Page 1308 - Week 05 - Tuesday, 5 April 2005

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a catalyst for change in the Philippines. He was one of those who influenced the bringing down of the Marcos regime. He travelled to the South Americas and stood by the poor. He railed against the regimes in those countries that did not give a damn about their own people. He put untold pressure on the gunmen of Northern Ireland. He was an influential change agent in the demise of the Cold War.

Pope John Paul II reached out to the Muslim world at a time critical for this to happen. He is greatly respected by the Muslin community around the world, something that is underestimated. In the Middle East he travelled to, joined with and gently cajoled Israeli and Palestinian leaders to get a grip on the Middle East peace process. But surprisingly, he was to put the weight of his position behind the Palestinian cause. And this had untold influence on Western thinking on the management of this particular Middle Eastern problem.

He met President Mubarak of Egypt and other senior Muslim leaders. He was the first pope to pray in a mosque. He was the pope who apologised to the Jews for what he, himself, said were the fundamental failings of his church during the times of the Holocaust and other times prior to that.

Over the weekend, my wife and I were glued to BBC coverage of the poor old fellow’s final moments and then his passing. Clearly, he was brave in death and he took the same uncompromising position to prepare himself for his death that he had held throughout his life. My wife and I will personally miss, and a lot of other people will miss this great man. And I would really put it to this place that perhaps we ought to be influencing whoever we can to see that this man is indeed named Pope John Paul II, the great.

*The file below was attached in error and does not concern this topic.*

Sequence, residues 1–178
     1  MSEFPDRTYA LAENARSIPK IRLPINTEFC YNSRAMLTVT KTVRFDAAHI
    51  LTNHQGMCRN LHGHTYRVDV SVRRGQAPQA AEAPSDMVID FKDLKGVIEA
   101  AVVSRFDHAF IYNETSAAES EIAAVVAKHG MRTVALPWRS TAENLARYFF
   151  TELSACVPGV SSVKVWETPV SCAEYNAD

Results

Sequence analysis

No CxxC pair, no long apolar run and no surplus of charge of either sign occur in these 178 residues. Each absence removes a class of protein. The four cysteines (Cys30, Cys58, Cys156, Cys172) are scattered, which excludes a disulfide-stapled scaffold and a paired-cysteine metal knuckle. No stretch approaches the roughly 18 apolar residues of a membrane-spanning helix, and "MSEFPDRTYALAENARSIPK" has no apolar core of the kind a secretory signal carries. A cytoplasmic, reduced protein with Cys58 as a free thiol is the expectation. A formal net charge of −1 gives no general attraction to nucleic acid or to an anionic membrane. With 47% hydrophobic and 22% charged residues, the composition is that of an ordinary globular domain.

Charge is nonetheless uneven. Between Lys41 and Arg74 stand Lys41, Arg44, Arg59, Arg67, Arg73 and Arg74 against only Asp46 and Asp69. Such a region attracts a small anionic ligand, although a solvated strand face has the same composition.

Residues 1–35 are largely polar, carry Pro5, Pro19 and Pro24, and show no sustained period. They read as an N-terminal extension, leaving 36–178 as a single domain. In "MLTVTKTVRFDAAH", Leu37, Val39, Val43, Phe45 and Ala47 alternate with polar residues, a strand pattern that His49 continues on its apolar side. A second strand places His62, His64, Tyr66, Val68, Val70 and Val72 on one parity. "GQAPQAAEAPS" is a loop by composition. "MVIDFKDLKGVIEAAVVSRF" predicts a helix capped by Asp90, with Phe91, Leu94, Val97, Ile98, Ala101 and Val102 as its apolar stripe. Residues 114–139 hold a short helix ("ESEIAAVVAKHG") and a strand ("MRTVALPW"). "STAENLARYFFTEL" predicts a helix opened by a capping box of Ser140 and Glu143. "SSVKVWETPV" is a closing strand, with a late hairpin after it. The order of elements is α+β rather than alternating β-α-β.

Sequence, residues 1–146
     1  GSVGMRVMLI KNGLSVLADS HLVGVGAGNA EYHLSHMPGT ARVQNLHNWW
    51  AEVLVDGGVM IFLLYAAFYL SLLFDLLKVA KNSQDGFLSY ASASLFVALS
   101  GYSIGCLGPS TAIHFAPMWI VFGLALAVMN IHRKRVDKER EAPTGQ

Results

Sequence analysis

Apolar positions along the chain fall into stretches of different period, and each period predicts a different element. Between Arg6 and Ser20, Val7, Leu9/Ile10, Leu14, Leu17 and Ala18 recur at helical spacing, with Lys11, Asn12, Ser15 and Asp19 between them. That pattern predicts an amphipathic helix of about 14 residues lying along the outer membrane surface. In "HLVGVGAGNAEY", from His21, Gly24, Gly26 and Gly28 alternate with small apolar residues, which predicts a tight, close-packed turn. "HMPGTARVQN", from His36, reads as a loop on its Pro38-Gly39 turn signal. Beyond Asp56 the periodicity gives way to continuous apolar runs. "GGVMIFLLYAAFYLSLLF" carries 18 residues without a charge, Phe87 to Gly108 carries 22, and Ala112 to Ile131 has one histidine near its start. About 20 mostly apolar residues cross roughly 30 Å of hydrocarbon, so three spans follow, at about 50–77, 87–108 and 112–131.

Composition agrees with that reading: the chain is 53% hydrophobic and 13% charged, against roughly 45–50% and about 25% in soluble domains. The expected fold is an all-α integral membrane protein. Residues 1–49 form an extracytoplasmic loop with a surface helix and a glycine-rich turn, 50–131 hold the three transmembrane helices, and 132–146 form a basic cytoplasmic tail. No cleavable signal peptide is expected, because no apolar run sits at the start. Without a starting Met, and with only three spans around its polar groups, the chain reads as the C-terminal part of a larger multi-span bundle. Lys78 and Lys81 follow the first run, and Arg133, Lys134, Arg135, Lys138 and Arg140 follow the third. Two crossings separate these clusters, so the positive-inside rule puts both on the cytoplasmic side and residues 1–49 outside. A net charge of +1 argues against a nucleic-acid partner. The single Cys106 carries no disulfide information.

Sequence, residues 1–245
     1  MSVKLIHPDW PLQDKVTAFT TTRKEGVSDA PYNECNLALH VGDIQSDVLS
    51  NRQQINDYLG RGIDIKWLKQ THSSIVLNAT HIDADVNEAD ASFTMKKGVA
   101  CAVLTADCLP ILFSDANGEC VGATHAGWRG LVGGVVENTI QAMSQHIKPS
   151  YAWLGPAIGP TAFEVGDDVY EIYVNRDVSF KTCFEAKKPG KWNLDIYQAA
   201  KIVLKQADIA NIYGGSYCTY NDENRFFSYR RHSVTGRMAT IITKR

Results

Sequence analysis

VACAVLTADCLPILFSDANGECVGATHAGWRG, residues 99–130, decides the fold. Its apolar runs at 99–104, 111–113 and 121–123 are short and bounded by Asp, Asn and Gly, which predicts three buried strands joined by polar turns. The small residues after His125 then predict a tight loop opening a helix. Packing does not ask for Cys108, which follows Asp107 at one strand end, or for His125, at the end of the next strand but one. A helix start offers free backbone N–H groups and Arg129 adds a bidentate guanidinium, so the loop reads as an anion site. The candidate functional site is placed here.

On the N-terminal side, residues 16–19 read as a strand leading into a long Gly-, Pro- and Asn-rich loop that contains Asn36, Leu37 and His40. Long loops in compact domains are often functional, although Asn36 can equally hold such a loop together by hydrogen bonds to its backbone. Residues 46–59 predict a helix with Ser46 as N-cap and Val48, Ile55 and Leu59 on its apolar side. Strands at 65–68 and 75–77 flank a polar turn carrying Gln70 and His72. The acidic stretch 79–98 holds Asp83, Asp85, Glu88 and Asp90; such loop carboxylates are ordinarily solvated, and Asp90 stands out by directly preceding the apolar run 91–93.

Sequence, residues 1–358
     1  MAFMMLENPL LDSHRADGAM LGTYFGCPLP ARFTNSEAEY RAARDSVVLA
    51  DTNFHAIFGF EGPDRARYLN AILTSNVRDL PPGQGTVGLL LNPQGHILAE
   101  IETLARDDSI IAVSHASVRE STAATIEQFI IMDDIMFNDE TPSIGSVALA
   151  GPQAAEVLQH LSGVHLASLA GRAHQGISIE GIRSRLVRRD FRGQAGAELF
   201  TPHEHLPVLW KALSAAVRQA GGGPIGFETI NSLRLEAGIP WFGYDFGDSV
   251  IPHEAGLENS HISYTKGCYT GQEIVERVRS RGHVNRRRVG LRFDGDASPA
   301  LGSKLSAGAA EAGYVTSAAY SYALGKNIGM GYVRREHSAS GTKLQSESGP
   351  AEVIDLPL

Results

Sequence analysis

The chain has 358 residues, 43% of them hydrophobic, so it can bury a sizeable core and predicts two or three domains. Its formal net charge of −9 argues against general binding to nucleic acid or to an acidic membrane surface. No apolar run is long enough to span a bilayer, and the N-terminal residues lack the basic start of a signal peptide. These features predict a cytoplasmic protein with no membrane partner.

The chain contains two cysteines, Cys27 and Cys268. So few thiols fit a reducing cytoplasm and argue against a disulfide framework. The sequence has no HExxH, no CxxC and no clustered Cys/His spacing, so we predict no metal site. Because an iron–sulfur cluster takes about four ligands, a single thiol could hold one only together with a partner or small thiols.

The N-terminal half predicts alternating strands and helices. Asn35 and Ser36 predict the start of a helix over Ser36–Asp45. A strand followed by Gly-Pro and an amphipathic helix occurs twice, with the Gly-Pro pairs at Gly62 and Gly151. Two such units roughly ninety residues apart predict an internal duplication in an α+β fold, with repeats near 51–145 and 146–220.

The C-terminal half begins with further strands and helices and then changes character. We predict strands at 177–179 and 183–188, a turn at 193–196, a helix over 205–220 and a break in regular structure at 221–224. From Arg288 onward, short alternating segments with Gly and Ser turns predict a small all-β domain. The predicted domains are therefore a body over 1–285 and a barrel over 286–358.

MRS DUNNE (Ginninderra): Mr Speaker, the death of John Paul II is a great loss for the world, for the Catholic Church, and is a matter of personal loss as John Paul II was the leader on earth of the faith to which I ascribe. It is a great loss to me personally because of the influence that he had upon my life.

His elevation to the papacy and his early pilgrimages to South America coincided with a strangely formative part of my own life, when I suppose I could say I was going through a spiritual crisis. And that coincided, also, with my first visit to Europe, which mainly concentrated on Italy. I remember—and I was recounting to some of my staff this morning—that I arrived in Italy one day, it was a Tuesday, and my brother met me at the airport and said, “Vick, tomorrow we’re going to a papal audience.” As a young 20-something, I could not think of anything less exciting to do on one’s first day in Rome than go to a papal audience. But it was a most uplifting experience. Mr Stefaniak spoke of the warmth of contact with John Paul II. At a formative time in my life, it was a very important contact.

There was much discussion in our household over the last couple of days about the importance of John Paul II. It brought it home to me, when my youngest daughter asked me last night, “Since you’ve been alive how many popes have you seen?” that all of my children have only known one pope, that is, John Paul II. I started to recount the popes for my children. Pius XII died in 1958, so that meant Pius XII, John XXIII, Paul VI, John Paul I, a short reign, and now the enormous reign of John Paul II. And it showed a very sharp contrast of the experiences of older Catholics with those of young Catholics.

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